If you couldn’t tell just from the name “Adolescence Syndrome”, Rascal Does Not Dream has social commentary written all over it. It’s not just a commentary on the emotional insecurities of teens, but on how easily lies can become the truth over social media. It’s not deep nor profound; it’s merely “topical”, and you don’t need to be a rocket scientist to understand this stuff. Literally every human who’s ever lived past age eighteen has experienced the turbulent times of teen years, and anyone who has a social media account would know the mental anguish it can cause.
But how good is the actual story, from an entertainment perspective? Well, as someone who has been known to not like slice-of-life and to SEVERELY dislike romance, Rascal Does Not Dream… is an experience. I tried to go into it with an open mind, but TBH, this is not the best series opener. The whole “What even is Adolescence Syndrome?” thing is cool, but it could easily end up being something that goes unexplained; a means to an end. I assume that in the subsequent volumes, Sakuta will have to help more girls than just Mai, which would make it similar to Monogatari in a way.
For the most part, it’s typical slice-of-life… slowness, with not much in terms of the supernatural. Factoring out the Adolescence Syndrome, it’s really just some boy helping some girl with her emotional problems. And like I said before, the commentary on the whole social media thing isn’t very interesting or insightful. Part of me wants to say that fans only said it was deep to justify their enjoyment of something that had the “taboo” of women in skimpy bunny suits (because apparently, what media you consume showcases who you are as a person). But that’s only my interpretation.
The character interactions also bored me, but it was mostly because of the characters themselves. They, for the most part, have no defining personalities. Sure, while Sakuta does have an explanation for why he’s the umpteenth “savior” trope, he’s still pretty unremarkable. Mai is definitely a tsundere, but that’s about it. She says some sassy things from time to time, but I don’t really feel anything for her. Also, Rio Futaba, who greatly contributes to plot progression, is literally Hanekawa ripped right from Monogatari, except less likeable. A lot of other characters, like Sakuta’s sister, Kaede, are kind of just there. One thing that I can at least appreciate is that they feel more like real teens than the highly stereotyped, angst-spewing things seen in most Western YA novels, but that seems to be something that most Japanese writers have a knack for over Western authors to begin with.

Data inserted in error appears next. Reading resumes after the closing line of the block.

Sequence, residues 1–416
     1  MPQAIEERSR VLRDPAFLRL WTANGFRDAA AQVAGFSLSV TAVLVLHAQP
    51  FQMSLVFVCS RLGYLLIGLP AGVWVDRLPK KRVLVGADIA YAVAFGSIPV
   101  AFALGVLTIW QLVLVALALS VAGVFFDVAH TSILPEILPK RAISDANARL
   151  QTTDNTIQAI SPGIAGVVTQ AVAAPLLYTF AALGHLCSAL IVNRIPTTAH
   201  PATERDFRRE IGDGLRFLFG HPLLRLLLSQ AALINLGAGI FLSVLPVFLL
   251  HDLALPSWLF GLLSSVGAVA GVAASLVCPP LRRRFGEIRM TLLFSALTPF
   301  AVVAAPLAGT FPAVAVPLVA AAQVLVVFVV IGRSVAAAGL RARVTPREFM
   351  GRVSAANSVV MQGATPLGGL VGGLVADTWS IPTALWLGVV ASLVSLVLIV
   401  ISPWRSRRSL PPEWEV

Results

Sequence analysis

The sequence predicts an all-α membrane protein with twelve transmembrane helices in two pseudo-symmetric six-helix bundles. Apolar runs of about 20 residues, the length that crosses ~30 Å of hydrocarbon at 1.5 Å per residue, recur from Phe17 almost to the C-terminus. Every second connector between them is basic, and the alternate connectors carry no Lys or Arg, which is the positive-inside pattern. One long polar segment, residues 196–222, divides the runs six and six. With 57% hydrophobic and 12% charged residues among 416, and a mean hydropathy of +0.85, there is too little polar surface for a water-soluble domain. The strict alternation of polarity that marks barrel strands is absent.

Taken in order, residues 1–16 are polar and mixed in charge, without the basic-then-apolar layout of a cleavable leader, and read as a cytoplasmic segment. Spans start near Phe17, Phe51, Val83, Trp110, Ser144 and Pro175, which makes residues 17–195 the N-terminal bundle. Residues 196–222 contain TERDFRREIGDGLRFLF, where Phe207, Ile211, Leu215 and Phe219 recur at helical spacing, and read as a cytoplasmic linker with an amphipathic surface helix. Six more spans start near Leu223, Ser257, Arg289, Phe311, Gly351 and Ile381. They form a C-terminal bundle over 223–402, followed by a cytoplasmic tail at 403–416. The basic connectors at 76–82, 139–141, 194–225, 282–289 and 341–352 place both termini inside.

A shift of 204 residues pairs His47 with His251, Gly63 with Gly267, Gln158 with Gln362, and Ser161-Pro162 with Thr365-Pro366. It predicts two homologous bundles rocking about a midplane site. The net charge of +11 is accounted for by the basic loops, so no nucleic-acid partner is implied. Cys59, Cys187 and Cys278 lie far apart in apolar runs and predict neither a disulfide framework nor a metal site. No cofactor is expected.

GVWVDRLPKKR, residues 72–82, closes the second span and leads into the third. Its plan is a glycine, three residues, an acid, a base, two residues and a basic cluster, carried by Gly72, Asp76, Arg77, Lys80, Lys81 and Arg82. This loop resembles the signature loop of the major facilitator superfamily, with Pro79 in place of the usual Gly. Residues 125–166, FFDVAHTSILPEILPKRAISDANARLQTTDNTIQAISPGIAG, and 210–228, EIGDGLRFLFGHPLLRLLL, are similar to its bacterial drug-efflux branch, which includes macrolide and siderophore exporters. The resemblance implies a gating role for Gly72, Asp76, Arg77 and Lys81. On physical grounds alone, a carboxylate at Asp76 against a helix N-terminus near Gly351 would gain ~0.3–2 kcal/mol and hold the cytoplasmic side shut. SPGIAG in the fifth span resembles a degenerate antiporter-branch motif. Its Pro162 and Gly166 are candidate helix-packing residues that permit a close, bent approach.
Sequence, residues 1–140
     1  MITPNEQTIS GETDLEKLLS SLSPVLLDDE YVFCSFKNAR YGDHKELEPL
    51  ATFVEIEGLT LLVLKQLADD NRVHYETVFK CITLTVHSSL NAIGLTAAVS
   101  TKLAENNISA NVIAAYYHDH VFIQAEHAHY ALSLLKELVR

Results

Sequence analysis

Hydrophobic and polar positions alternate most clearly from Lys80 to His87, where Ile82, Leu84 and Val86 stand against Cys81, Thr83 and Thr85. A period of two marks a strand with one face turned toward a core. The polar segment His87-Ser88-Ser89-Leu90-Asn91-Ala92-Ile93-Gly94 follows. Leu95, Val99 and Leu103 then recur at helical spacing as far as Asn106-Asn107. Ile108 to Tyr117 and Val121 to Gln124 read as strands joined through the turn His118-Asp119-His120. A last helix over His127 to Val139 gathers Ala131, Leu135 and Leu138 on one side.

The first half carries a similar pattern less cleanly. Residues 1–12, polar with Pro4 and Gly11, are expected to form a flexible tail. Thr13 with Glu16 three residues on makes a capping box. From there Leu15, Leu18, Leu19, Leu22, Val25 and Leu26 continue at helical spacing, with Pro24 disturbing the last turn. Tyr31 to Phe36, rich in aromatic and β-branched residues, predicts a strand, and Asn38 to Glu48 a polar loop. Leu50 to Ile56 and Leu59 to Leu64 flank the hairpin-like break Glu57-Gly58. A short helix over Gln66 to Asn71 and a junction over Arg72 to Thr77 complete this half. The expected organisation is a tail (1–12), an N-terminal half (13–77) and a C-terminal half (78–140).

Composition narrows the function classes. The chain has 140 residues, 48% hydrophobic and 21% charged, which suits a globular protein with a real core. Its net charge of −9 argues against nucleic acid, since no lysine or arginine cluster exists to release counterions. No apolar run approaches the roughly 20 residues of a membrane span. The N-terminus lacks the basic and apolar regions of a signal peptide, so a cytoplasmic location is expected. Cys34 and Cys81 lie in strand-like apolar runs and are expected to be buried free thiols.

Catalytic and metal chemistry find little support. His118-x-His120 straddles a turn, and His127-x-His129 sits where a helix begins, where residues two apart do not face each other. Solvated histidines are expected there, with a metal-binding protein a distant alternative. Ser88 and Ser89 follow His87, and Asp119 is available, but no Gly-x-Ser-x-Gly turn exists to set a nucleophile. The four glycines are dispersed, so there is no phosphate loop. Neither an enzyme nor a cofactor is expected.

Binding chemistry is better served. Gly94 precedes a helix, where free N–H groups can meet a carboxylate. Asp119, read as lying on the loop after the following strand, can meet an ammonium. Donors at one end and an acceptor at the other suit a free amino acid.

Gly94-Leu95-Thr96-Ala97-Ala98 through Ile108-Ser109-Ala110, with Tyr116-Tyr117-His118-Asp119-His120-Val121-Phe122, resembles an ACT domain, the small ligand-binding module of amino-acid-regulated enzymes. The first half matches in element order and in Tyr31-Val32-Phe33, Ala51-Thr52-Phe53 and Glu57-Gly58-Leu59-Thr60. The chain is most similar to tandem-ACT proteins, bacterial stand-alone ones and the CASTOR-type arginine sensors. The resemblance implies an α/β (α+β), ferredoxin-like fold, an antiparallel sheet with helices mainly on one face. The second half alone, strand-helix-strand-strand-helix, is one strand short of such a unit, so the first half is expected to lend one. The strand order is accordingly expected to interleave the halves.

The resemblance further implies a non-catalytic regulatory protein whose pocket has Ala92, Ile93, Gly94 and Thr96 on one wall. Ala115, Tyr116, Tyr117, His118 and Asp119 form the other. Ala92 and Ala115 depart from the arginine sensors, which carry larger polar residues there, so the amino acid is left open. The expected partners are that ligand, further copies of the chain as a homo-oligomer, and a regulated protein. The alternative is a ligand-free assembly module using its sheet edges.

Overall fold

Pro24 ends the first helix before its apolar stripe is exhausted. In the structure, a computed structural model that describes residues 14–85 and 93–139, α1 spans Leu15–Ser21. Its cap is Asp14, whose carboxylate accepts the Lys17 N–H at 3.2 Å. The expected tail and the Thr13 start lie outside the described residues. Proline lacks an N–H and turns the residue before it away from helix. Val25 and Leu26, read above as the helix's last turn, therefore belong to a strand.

The artwork is average. It has a dreamy color palette (get it? Because it’s Rascal Does Not DREAM), but it’s kind of meh overall. The character designs are all your typical stock teenager designs as well.
I’m giving it some leeway thanks to sheer benefit of the doubt, but overall, Rascal Does Not Dream of Bunny Girl Senpai is pretty mediocre. It has all the pretentiousness of Monogatari, but none of the charisma. If I didn’t “understand the profound, life-changing, cosmic message hidden in between its text and subtext”, then please enlighten me as to what I missed. Because as far as I know, this was just a typical “boy meets girl, boy helps girl with her problems, audience wants to be the boy who helps girl or vice versa, author makes fat stacks as a result” piece of media. But for now… I’ll give it one more volume to impress me.
I said in my 5 Worlds post that I haven’t had the best track record with Western graphic novels. But you know what, I’m still trying my best to understand the appeal of the medium. Today’s [hopefully not] victim is The Witch Boy series, written by Molly Knox Ostertag and published by Scholastic (the same publisher as Amulet… good sign already).
A boy named Aster comes from a long line of magic, demon-fighting wizards. The men of the family are good at turning into magic, the girls are good at literally everything else. Young Aster sucks at shapeshifting, but he happens to have a knack for girl magic. Too bad it’s forbidden.
The Witch Boy is an episodic trilogy where Aster hangs out until some conflict rears its ugly head, and thank goodness it is! If this was a stand-alone graphic novel, it would’ve felt rushed. While it does spend a decent amount of time setting things up, the plot suddenly kicks into high gear out of nowhere, and the entire conflict of the first book is resolved in a very anticlimactic matter.